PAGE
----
Starting MacVim from the command line?

272 views
Skip to first unread message

Nico Weber

unread,
Aug 13, 2007, 5:27:05 AM8/13/07
to vim mac
Hi,

is there a way to start MacVim from the command line? I usually start
gvim from Terminal.app; usually with several flags. Simplest use case
is `gvim filename` which works by symlinking gvim to MacVim.app/
Contents/MacOS/MacVim, but only if 'filename' already exists.
Furthermore, I often do `gvim -S session.vim` to launch vim with a
set of files. This doesn't seem to work at all.

It'd be great if there was some kind of shell script that opens a new
MacVim window and passes all parameters to the Vim instance that
belongs to that window. Is there something like that? If not, how
would I write something like that?

Thanks,
Nico

björn

unread,
Aug 13, 2007, 5:31:20 AM8/13/07
to vim...@googlegroups.com

In the readme I suggest the following alias
  alias gvim=MacVim.app /Contents/MacOS/Vim -g
does that not work for you?

/Björn

björn

unread,
Aug 13, 2007, 5:40:48 AM8/13/07
to vim...@googlegroups.com
  alias gvim= MacVim.app /Contents/MacOS/Vim -g

does that not work for you?

For the record, the alias should contain the entire path to MacVim.app.  So assuming MacVim.app is in your /Applications folder, the alias should be:
  alias gvim=/Applications/MacVim.app/Contents/MacOS/Vim -g
Sorry about that.


/Björn

Nico Weber

unread,
Aug 13, 2007, 5:48:55 AM8/13/07
to vim...@googlegroups.com
> In the readme I suggest the following alias
> alias gvim=MacVim.app /Contents/MacOS/Vim -g
> does that not work for you?

Bah, readme files :-P Kinda works (modulo whitespace escaping ("..Vim
\ -g"), but I have a session file that doesn't finish loading until I
hit some keys (doesn't work if I load the session with the toolbar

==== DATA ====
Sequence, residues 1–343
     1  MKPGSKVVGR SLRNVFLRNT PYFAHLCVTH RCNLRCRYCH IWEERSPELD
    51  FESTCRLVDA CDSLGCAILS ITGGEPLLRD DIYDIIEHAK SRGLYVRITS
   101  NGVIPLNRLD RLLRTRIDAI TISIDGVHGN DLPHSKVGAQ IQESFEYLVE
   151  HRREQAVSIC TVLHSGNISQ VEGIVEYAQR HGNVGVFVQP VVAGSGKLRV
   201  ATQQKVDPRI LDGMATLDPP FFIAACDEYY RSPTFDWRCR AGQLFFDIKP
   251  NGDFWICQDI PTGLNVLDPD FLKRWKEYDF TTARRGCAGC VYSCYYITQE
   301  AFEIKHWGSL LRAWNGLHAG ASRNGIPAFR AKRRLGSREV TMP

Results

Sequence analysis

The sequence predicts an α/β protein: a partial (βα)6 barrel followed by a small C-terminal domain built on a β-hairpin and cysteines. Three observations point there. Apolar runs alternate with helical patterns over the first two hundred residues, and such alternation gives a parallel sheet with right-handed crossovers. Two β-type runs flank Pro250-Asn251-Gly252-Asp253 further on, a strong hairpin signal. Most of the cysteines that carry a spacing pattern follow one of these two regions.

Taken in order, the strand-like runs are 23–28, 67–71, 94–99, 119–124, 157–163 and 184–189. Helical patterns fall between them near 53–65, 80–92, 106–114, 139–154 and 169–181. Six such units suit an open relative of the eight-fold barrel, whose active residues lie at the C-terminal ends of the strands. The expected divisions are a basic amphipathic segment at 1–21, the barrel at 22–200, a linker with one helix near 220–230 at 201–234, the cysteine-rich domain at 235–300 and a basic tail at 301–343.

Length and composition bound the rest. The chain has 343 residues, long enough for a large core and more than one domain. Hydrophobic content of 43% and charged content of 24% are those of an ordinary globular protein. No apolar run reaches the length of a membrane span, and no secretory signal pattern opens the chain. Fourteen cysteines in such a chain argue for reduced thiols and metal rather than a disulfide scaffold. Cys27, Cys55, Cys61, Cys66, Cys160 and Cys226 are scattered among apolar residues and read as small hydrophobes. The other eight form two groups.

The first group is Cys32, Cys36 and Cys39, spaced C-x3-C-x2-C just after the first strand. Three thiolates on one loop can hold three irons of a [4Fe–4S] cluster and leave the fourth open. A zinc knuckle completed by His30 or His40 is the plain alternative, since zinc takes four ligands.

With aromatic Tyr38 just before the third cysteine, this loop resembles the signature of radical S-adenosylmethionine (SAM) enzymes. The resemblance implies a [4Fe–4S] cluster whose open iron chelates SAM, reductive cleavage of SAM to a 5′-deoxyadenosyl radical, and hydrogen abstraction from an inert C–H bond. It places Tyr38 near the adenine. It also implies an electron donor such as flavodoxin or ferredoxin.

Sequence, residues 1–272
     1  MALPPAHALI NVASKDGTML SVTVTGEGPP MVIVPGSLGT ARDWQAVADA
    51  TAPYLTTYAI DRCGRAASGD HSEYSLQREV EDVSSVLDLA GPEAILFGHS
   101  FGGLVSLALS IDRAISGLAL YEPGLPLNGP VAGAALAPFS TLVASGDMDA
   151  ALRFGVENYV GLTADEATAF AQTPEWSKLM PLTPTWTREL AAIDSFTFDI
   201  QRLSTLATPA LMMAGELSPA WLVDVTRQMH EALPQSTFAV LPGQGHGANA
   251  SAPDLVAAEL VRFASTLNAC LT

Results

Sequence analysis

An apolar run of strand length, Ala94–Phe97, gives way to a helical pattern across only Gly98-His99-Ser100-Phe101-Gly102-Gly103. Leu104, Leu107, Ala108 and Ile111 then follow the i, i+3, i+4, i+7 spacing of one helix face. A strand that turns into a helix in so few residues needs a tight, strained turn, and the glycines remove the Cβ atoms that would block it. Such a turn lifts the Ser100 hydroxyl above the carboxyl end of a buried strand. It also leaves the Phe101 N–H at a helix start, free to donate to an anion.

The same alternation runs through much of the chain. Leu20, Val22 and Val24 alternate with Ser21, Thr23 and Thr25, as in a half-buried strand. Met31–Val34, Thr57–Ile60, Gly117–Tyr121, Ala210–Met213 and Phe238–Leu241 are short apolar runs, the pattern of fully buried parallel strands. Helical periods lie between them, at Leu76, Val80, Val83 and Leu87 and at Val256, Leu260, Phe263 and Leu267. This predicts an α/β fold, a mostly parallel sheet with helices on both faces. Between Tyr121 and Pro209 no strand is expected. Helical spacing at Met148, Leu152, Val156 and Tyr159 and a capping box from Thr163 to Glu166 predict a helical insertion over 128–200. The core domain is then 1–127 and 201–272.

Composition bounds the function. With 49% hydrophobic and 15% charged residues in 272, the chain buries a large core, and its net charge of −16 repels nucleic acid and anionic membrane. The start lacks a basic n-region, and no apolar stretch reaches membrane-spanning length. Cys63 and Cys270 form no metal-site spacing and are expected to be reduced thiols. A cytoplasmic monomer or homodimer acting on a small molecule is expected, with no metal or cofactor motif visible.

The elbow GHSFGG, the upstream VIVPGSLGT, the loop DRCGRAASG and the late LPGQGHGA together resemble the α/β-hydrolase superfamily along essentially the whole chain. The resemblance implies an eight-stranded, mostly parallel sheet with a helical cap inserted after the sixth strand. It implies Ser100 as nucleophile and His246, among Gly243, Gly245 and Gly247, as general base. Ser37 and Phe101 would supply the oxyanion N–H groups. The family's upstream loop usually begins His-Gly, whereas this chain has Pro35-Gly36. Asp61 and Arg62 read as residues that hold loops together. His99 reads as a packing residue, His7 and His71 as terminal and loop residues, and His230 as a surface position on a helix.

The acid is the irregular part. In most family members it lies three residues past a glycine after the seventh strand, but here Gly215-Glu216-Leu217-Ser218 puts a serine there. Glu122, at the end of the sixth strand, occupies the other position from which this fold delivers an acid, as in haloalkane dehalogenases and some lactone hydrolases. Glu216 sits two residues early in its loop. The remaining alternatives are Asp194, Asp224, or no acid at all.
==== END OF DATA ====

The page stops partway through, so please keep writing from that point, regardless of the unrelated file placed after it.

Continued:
button or `:source`, but works fine in carbon vim). "Doesn't finish
loading" means that nothing is drawn and that only two tabs are
displayed although the session contains five tabs. After I hit 'j',
everything is fine though.

Another small (unrelated) bug: Toggle the toolbar off, maximize the
window, toggle toolbar back on -- now the first few lines are drawn
below the toolbar.

And a suggestion: Clicking the toolbar toggle button in the upper
right corner should update the 't' flag in guioptions (without that,
clicking the button to hide the toolbar and doing 'set guioptions+=t'
doesn't work for example).

Nico


björn

unread,
Aug 13, 2007, 6:01:23 AM8/13/07
to vim...@googlegroups.com
> In the readme I suggest the following alias
>   alias gvim=MacVim.app /Contents/MacOS/Vim -g
> does that not work for you?

Bah, readme files :-P Kinda works (modulo whitespace escaping ("..Vim
\ -g"), but I have a session file that doesn't finish loading until I
hit some keys (doesn't work if I load the session with the toolbar
button or `:source`, but works fine in carbon vim). "Doesn't finish
loading" means that nothing is drawn and that only two tabs are
displayed although the session contains five tabs. After I hit 'j',
everything is fine though.

Sounds like the command queue in MMBackend does not get flushed after loading the session file.  I'll look into it.

I'm not entirely sure what you mean by "modulo whitespace escaping"...the arguments you specify go straight to main in vim7/src/main.c.  Do you have these problems if you start without the -g switch?